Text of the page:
This week at the 22nd Conference of Parties to the United Nations Framework Convention on Climate Change (UNFCCC COP22) —dubbed the “action and implementation COP”—the Africa Renewable Energy Initiative (AREI) is forging ahead with its ambitious, African-led initiative to deliver 300GW of renewable energy generation capacity by 2030.
AREI is a transformative effort to accelerate, scale-up and harness the continent’s huge potential in renewable energy sources.
Launched by African Heads of State and Government last year, AREI was among the most substantive and ambitious outcomes of COP21 in Paris.
The framework and action plan of the initiative set out a plan to enhance access to energy to improve human well-being, power agriculture and food production, industries and services, and strengthen social and community services.
In the year since the Paris talks, the Initiative has secured financial support for the establishment phase, and launched an interim Independent Delivery Unit (IDU) under the leadership of Youba Sokona. Dr. Sokona who led the establishment of the African Climate Policy Center (ACPC), comes to the Initiative with decades of experience in the fields of energy, development and climate change.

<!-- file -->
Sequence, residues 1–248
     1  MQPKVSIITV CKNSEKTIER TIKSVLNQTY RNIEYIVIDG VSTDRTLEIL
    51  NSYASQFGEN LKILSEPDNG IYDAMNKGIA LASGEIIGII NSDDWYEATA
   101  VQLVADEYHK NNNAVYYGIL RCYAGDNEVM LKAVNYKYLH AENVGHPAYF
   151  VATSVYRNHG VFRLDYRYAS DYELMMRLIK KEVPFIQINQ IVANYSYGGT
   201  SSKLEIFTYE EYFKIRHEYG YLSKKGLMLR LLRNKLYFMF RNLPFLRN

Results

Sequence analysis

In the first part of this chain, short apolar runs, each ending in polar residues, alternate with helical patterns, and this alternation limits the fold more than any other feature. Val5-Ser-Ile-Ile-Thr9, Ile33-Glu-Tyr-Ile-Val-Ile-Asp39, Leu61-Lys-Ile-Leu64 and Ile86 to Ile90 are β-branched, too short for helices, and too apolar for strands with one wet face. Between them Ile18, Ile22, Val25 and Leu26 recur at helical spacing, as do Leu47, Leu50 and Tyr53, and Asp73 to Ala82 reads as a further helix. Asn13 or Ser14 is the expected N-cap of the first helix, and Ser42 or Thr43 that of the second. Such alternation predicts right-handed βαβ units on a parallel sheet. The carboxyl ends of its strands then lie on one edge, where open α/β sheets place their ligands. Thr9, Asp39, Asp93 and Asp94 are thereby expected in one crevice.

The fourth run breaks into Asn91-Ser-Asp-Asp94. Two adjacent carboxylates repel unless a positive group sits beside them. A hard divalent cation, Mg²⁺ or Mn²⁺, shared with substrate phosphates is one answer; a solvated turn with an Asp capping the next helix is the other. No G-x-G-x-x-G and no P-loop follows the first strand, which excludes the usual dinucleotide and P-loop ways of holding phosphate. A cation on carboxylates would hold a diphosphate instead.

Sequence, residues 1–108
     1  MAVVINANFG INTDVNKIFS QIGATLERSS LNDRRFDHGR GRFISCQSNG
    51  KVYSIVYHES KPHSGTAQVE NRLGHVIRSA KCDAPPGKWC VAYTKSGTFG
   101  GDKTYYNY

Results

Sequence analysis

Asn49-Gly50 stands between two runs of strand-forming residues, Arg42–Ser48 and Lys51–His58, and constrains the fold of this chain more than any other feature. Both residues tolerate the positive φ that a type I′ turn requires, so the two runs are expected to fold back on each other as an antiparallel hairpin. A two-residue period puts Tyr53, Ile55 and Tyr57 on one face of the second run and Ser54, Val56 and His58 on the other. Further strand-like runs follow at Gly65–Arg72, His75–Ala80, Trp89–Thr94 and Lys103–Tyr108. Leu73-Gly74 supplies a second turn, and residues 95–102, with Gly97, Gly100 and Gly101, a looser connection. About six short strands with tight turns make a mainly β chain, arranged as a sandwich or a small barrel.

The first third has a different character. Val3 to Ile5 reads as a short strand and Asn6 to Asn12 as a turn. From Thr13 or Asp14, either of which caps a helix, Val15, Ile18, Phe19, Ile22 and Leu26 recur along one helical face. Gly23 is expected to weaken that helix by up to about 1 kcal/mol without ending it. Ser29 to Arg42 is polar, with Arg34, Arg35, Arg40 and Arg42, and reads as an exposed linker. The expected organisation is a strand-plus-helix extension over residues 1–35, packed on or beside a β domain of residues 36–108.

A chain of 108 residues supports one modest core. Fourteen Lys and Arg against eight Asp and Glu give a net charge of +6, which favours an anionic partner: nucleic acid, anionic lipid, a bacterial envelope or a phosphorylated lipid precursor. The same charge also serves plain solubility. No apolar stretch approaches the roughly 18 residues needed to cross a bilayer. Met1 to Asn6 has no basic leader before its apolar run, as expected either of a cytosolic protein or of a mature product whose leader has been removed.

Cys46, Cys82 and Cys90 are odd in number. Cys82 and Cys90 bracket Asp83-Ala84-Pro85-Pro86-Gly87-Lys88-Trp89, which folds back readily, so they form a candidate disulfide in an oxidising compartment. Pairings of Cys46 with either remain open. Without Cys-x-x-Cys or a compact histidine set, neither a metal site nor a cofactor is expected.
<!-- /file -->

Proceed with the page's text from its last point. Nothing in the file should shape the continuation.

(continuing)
“To achieve sustainable development goals (SDGs), Africa must adopt smart, modern, people centered, scalable, locally appropriate renewable energy solutions that help the poor and ensure gender equality. As most of Africa’s energy systems are not yet built, the continent has a unique opportunity to leapfrog to the clean energy systems for the future by taking a visionary, programmatic planning approach. AREI is here to support countries in this effort,” Sokona said.
Among its key objectives, AREI is set to bring 10GW of energy projects online by 2020, as an initial step towards the transformational change needed to ensure universal access to energy by 2030.
Significant reductions in renewable energy costs in recent years and months have made AREI’s action plan not only the most sensible option from an environmental and social perspective, but also the most affordable paths forward to power the African continent. Parallel to AREI, similar initiatives are being considered around the globe.
“It’s been encouraging to see mounting support from so many countries and organizations who want to be associated and work with AREI. And I am particularly excited that our efforts have helped to catalyze other similar renewable energy endeavors, including initiatives from the Least Developed Countries (LDCs) and the Small Island Developing States (SIDS). While working towards a global partnership across these and other initiatives, it’s now all about implementation and getting energy on the ground to the communities that need it,“ he added.
African and international leaders will gather for a high-level event on November 16th from 9.30 am to 10.30 at the Africa Pavilion to discuss the way forward for this initiative. Dr Sokona will present and discuss AREI at a special session on Africa’s energy future during the COP22 Energy Day today 11 November, 12:20pm in Side Event Atlantic Room in the Blue Zone.